COLUMBIA — When Pepsi gives people a choice, it's usually between Mountain Dew and Sierra Mist. The Pepsi Refresh Project, however, lets people choose how to divide $1.3 million among 1,000 or so submitted project ideas.
Two new local submissions have made it onto the current ballot of 1,096 ideas. De Minner, a retired clinical nursing instructor in Columbia, and Central Missouri Honor Flight have a chance to win a total of $275,000.
To vote for De Minner's proposal:
- Text 104302 to PEPSI (73774)
- Vote online
To vote for Central Missouri Honor Flight's proposal:
- Text 104764 to PEPSI (73774)
- Vote online
You can vote up to one time per day.
De Minner stands to gain $25,000 to help improve care and quality of life for people with dementia. Central Missouri Honor Flight, a volunteer organization that enables World War II veterans to visit the WWII memorial in Washington, is in the running for a $250,000 prize.
Central Missouri Honor Flight has flown more than 700 veterans to the recently constructed memorial, according to a news release. Hundreds of Missouri veterans are on the waiting list, according to the Honor Flight's website.
De Minner applied for one of the grants, which are awarded monthly and range in value from $5,000 to $250,000, after watching an advertisement for the Pepsi Refresh Project on TV.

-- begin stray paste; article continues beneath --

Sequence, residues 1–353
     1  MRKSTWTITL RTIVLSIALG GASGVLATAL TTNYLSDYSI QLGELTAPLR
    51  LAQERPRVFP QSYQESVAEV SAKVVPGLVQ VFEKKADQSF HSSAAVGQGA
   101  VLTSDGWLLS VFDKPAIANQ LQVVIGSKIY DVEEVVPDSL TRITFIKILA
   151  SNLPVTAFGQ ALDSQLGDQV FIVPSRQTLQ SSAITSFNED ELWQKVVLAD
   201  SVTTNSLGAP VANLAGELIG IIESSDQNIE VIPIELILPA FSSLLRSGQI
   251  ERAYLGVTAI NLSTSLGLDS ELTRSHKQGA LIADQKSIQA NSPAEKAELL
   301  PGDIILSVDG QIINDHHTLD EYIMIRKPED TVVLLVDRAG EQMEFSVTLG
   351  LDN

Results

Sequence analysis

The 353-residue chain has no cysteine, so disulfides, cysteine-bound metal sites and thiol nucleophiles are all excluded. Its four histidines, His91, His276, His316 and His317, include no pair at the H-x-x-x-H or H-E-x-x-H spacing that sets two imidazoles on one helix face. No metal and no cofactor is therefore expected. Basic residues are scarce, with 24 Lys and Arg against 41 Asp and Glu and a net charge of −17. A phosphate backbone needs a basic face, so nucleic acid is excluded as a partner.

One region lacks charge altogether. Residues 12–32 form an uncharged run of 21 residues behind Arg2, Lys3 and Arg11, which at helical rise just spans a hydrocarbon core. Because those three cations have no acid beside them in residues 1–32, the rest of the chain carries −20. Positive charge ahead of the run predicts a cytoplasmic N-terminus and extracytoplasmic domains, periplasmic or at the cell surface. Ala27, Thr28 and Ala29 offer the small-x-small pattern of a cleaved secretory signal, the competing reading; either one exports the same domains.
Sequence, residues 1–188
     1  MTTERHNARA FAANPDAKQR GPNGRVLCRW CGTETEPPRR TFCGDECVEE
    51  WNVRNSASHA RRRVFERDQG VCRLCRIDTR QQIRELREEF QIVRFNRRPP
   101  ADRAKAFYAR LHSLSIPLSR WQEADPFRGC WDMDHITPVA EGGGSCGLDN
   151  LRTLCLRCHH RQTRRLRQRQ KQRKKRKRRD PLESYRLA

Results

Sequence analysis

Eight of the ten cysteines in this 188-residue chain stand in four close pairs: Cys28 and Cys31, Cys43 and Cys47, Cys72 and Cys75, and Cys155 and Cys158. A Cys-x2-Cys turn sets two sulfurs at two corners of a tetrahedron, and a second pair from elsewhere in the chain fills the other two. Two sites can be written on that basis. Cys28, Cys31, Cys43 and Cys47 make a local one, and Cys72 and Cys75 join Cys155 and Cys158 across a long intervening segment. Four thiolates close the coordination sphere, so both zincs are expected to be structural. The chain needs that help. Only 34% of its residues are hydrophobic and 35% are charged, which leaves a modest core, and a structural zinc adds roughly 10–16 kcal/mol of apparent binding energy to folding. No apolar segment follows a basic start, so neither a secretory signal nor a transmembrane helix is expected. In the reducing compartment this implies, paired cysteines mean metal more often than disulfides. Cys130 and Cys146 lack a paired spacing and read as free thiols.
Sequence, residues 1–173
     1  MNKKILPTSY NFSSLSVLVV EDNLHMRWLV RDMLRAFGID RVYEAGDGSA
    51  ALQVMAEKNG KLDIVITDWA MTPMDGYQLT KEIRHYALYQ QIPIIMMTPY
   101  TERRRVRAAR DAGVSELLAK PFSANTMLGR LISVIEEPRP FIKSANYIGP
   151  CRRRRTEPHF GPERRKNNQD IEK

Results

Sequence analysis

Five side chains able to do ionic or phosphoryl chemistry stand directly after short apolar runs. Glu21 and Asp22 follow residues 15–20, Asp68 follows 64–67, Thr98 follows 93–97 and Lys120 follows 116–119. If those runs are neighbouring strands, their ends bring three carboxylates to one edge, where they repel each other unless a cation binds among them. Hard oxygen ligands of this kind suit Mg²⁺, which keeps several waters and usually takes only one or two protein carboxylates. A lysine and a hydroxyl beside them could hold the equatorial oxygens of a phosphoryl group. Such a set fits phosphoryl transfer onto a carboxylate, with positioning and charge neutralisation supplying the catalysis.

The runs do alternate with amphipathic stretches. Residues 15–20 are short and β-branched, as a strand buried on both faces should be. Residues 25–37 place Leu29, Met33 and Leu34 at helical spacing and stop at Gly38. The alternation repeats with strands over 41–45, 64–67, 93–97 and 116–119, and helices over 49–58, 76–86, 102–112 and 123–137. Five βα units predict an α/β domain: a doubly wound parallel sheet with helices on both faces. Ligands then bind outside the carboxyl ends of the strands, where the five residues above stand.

“I saw that other people from around the area had done it,” Minner said.
Minner’s proposal calls for the potential winnings to be used for the books, materials and instructor travel costs and fees needed to host classes in "Dementia Care Mapping." These would be attended by long-term caregivers who work in Missouri.
Dementia Care Mapping (DCM), though used in Europe and Australia, is rare in the United States. DCM is rooted in "person-centered care," a model that encourages caregivers to develop a relationship with the person receiving care.
“Care is something we do with people, not something we do to them,” Minner said.
The DCM model helps teach caretakers to enhance communication, introducing ways to measure that communication in what otherwise can be a nebulous concept. The classes would impart caregivers with tools to better consider the perspective of the person with dementia.
The classes would focus on dementia patients because the model grew from dementia-related studies, but Minner said the skills could easily be used by anyone administering long-term care regardless of whether dementia is a factor.
Minner said she hopes those who take the course will become “champions,” sharing their knowledge with co-workers and peers.
Ten $25,000 grants are awarded each month. Minner, whose proposal ranked 140th as of Friday, hopes to garner the interest — and votes — of stakeholders across the state before voting ends on Dec. 31. Minner is committed to her project, with or without the funding. Soon, she will become a certified instructor of the course, apparently the third in the U.S. to do so.
“I will do my best to make this program available in the state,” she said. “I want Missouri to be one of the premier states in the country that uses DCM and person-centered care.”